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About the History of the Prater

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About the History of the Prater |

The Latin expression for pasture or meadow is “pratum”. The term “Pratter” originates from a charter dated back to 1403. It was King Ferdinand I. who set his mind on planting an alley of chestnut trees that survives up to today and leads from the Praterstern to the Lusthaus. Soon afterwards the Prater became the hunting grounds for Maximilian II. and was fenced in. Predominantly deer, stags and pheasants were hunted.

The Prater remained imperial hunting grounds until 1766. But the Austrian Emperor Josef II. believed that this recreational area should serve all Viennese. A short time later the Prater gained the dimensions that distinguish it up to the present. The Wurstelprater as an amusement park and the food service industry both established themselves. The 1873 world fair took place within the area of the Prater and an incredible 53.000 exhibitors had a rendezvous there. As a result, the Prater was also internationally renowned.

People from all over the world visited the Prater. In the guidebooks it is praised as a must-see. It is not witchcraft to spend a whole day in the Prater. Time flies by. And in fact, there are a host of attractions that carry people up into the air. More are added frequently. It does not hurt to be free from giddiness. The spectacular opportunities provide great thrill. But it is the long-standing traditional establishments that can increase the joy immensely.

The Prater is more than the sum of its parts. It has grown and is still halfway in its development. Whoever immerses into the Prater can spend quiet hours in secluded alluvial forests and indulge in contemplation or try out every attraction of the Wurstelprater, eat and drink, whatever one’s heart desires. So, the Prater is the opposite of tedious. The occupation with the Prater’s history is a fascinating task, thereby maybe deepening the relationship with the Prater.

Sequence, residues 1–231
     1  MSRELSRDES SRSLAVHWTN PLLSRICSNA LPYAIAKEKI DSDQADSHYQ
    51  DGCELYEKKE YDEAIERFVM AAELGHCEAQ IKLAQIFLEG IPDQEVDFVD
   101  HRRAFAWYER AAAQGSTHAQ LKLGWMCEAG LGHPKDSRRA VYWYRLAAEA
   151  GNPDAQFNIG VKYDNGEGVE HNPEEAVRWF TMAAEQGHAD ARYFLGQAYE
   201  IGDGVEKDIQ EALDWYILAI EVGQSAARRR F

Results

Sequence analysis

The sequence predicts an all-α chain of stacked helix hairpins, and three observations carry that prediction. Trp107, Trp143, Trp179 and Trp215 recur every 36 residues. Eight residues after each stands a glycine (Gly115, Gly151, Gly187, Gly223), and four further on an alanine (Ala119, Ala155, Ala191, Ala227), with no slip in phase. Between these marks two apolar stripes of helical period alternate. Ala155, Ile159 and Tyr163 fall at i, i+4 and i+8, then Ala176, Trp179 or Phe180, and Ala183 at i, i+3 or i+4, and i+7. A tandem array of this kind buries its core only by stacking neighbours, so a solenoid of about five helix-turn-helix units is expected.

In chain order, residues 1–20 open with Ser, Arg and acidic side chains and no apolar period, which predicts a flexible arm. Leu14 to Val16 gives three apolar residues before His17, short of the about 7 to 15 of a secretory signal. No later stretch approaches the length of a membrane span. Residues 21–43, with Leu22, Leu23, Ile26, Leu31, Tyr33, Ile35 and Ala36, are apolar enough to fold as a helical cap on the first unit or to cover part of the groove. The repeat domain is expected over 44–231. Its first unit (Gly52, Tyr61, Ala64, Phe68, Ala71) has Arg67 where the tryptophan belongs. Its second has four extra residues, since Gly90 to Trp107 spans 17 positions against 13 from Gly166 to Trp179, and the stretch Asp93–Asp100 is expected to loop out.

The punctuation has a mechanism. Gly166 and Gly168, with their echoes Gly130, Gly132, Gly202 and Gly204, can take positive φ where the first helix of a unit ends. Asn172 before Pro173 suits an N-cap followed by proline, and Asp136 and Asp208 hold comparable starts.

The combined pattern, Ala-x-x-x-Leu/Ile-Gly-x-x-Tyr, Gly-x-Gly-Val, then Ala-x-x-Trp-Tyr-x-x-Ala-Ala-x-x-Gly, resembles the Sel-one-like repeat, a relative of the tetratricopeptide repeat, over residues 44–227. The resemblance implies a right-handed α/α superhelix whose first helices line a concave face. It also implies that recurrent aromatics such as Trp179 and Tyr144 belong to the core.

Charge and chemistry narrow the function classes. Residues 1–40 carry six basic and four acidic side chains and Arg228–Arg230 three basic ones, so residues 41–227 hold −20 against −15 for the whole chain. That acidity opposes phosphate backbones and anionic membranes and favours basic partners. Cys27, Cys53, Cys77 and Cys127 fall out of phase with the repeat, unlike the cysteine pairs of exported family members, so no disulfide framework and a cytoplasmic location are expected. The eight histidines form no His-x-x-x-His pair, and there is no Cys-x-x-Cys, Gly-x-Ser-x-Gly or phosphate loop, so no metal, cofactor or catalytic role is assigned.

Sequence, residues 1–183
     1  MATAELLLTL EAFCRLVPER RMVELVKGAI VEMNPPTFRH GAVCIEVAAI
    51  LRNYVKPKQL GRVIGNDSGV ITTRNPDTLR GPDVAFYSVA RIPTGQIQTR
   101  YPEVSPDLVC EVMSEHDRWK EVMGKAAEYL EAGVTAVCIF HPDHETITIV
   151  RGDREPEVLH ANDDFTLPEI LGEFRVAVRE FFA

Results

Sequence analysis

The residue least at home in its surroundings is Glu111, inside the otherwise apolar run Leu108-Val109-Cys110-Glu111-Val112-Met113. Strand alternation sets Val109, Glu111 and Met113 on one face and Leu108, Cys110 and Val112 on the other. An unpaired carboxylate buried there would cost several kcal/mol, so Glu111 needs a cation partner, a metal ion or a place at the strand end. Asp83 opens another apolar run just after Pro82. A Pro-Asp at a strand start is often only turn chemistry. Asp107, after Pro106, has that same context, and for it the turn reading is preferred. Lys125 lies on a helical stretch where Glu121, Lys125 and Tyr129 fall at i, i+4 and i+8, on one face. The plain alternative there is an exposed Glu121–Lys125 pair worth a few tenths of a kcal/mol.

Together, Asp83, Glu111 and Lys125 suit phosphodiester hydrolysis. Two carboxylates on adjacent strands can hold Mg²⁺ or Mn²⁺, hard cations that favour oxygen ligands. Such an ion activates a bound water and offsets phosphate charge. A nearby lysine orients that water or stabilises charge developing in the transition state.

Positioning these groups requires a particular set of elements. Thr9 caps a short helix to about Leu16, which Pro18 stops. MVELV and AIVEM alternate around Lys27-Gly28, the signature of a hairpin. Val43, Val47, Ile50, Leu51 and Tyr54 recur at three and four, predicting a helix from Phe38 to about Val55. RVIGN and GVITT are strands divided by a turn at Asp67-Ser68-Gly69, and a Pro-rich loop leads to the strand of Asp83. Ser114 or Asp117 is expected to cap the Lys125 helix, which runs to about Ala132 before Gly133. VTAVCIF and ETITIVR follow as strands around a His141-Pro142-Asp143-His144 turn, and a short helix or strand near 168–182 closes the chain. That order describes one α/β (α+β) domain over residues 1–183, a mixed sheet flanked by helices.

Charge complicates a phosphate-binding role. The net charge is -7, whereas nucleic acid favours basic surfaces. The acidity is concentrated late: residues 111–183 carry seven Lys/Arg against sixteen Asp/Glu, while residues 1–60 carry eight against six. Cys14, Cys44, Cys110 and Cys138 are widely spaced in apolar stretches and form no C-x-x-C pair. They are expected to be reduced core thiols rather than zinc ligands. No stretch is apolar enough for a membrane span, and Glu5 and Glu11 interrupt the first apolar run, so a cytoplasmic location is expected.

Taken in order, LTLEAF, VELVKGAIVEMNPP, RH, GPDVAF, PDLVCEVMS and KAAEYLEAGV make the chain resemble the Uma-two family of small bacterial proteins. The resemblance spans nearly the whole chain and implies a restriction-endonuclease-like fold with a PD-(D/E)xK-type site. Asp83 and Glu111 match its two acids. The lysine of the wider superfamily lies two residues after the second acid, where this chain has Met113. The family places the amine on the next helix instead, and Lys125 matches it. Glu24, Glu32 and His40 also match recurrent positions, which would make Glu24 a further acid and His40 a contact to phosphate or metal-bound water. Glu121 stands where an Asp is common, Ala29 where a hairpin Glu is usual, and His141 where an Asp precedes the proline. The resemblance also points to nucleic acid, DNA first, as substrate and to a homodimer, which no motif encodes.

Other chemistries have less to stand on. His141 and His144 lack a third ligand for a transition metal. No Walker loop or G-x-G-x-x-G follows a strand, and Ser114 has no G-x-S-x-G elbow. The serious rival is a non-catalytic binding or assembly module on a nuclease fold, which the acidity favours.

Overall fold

And what diversity the Prater offers to kids! They can run riot in the main avenue, be out and about in a variety of vehicles in the Wurstelprater. The Lilliputian train has a special status, which is a sort of connecting link between the Wurstelprater and the main avenue. Its route leads from the beginning of the main avenue to the “Stadion” station and back. Oh, and to think of the Prater-Punch! The Wurstelprater derives from the Hanswurst, a figure from the puppet theater, also called Wurstel.

In the early days of the Prater, when it was accessible to all people, the Viennese delighted in strolling along the main avenue. A tradition which will likely keep for all time. Only the end of the world could finish off the Prater.

© Jürgen Heimlich 2021-07-05


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